Wednesday, May 22, 2013

Nutrition Interns first meeting with Muchui Women 'Champs'

Megan, Sydney and translator Rosemary explain what we would like to do this year

Jennifer Taylor here-  nutrition faculty advisor for the Students for Development Nutrition team. Just a quick note to let you know that we had our first meeting of the Muchui Women Food Champs today. It was a great success! The women enthusiastically agreed to work with the 2011 Nursery Parent champs in forming a "SuperStar Champs Team" for each of the four primary schools in the area: KK Ndgege, Marinya, Kamuketha and Kinyenjeri.  Sydney and Megan worked with Rosemary, our translator, for the first time, and it went very well.  I brought my laptop and showed them pictures of previous years. Gales of laughter and back slapping resulted.  I am so proud of their confidence: we asked them to provide special cooking tips which we can include in their teaching binders, to be used by them in the future.  We are doing the same thing tomorrow at Ruuju, and will be meeting with our teams next week to plan our detailed education sessions. We also start our home assessments of food security and diet quality at Ruuju.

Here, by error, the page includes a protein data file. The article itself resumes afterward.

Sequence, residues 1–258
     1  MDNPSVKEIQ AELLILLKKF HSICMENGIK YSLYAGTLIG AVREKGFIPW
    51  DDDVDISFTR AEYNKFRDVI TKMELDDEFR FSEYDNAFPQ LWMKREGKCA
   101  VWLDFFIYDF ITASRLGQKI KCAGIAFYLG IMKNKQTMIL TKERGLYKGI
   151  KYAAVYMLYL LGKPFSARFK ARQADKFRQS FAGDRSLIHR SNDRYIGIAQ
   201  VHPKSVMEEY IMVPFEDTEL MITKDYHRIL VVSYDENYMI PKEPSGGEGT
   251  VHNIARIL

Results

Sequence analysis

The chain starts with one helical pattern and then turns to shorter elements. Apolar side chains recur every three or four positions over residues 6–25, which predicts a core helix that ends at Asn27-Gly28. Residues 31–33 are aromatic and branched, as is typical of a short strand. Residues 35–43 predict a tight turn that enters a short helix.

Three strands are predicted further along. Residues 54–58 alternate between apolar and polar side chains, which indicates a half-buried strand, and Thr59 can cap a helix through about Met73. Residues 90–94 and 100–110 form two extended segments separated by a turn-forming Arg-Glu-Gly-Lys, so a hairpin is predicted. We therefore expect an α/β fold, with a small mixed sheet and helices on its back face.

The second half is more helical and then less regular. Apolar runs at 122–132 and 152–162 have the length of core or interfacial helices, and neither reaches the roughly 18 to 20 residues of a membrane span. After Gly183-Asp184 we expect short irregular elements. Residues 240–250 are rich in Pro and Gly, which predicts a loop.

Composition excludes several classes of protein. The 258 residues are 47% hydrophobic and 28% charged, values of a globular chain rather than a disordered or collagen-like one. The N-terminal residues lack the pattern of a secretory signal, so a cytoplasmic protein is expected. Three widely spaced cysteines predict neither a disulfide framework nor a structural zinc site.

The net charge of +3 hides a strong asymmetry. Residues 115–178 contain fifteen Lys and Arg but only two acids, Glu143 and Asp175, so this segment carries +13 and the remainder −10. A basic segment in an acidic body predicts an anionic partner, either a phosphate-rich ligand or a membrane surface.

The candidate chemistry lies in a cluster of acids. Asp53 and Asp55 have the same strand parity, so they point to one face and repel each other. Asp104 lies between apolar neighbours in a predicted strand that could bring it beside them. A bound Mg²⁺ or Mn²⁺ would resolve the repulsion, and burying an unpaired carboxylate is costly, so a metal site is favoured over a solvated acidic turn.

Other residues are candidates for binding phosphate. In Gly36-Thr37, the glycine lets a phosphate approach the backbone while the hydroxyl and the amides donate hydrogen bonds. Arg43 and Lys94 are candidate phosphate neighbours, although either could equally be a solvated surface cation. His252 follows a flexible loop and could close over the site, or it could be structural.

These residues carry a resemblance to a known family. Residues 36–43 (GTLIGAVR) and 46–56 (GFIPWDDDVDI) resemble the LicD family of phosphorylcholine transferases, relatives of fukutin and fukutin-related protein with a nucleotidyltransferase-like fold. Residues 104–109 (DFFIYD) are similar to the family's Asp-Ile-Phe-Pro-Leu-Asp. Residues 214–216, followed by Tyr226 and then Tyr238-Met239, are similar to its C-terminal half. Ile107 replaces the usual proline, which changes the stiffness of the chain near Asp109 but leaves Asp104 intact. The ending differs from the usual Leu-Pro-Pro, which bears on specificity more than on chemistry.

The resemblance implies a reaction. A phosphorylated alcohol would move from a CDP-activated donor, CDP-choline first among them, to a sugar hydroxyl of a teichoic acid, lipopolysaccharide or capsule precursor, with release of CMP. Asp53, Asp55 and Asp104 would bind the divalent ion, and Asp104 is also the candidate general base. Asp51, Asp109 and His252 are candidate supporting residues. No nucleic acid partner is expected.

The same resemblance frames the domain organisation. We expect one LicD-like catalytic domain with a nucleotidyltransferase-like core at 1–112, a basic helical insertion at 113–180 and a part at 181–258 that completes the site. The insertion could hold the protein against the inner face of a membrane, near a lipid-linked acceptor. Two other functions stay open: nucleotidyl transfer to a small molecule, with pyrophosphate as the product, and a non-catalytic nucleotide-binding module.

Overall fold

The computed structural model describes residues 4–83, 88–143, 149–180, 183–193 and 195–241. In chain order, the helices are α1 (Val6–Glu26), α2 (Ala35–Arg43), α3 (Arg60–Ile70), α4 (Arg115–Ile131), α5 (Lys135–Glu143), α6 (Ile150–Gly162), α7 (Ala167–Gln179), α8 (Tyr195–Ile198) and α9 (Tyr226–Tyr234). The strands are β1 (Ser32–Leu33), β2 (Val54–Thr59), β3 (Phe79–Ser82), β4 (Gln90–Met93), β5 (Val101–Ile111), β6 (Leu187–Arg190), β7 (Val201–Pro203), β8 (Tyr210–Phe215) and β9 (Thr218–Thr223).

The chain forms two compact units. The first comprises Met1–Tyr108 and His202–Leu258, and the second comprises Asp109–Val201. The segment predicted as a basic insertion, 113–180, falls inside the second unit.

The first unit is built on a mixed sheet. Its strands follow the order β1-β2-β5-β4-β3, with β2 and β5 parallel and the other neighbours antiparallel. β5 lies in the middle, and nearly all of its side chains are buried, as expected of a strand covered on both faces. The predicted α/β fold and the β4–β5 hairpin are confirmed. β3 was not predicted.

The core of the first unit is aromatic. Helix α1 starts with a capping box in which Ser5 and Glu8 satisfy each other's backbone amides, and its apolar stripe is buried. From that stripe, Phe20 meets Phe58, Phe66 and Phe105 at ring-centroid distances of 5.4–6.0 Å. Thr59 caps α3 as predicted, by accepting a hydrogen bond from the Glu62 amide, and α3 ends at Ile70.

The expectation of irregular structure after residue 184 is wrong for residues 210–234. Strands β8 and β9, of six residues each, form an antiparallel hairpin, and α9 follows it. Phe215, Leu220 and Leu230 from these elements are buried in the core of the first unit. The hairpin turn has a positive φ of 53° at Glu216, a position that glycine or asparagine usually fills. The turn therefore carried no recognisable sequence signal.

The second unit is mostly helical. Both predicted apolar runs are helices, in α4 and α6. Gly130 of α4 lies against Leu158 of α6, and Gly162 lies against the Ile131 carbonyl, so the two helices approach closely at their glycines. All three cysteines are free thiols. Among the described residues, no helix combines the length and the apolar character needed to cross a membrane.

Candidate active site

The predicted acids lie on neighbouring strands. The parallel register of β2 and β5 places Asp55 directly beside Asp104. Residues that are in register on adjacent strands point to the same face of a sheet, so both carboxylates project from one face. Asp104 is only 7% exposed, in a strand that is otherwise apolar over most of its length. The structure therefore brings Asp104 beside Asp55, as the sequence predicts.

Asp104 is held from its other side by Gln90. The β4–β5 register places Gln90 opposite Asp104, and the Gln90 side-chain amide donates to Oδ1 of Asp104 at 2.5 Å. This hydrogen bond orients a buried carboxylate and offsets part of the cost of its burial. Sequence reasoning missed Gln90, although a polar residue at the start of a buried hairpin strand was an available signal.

Miriam PROUDLY wears her personalized t-shirt from Roger
I also wanted to post a picture of a proud and happy Muchui woman Margaret Mwoira, who was presented with her t-shirt provided by Roger Henry of Farmers Helping Farmers. Roger is fundraising for pitch forks so that the women can more effectively compist. She was so happy that she danced around the Muchui Business centre grounds, and asked me (passionately) to tell Roger how happy she is and how she looks so 'smart'. She kept it on the entire meeting! I have a video which is priceless, but too large to post. You 'done good', Roger. After watching the reaction (and Mama Salome was coveting it yesterday), we are trying to see how we can make t-shirts for our champ teams here. Must get to bed early- big day tomorrow!

Monday, May 20, 2013

Nutrition Team 2013 Arrives in Kenya!

Megan Ellis, Jennifer Taylor and Sydney Abells begin their Kenyan Adventure 2013!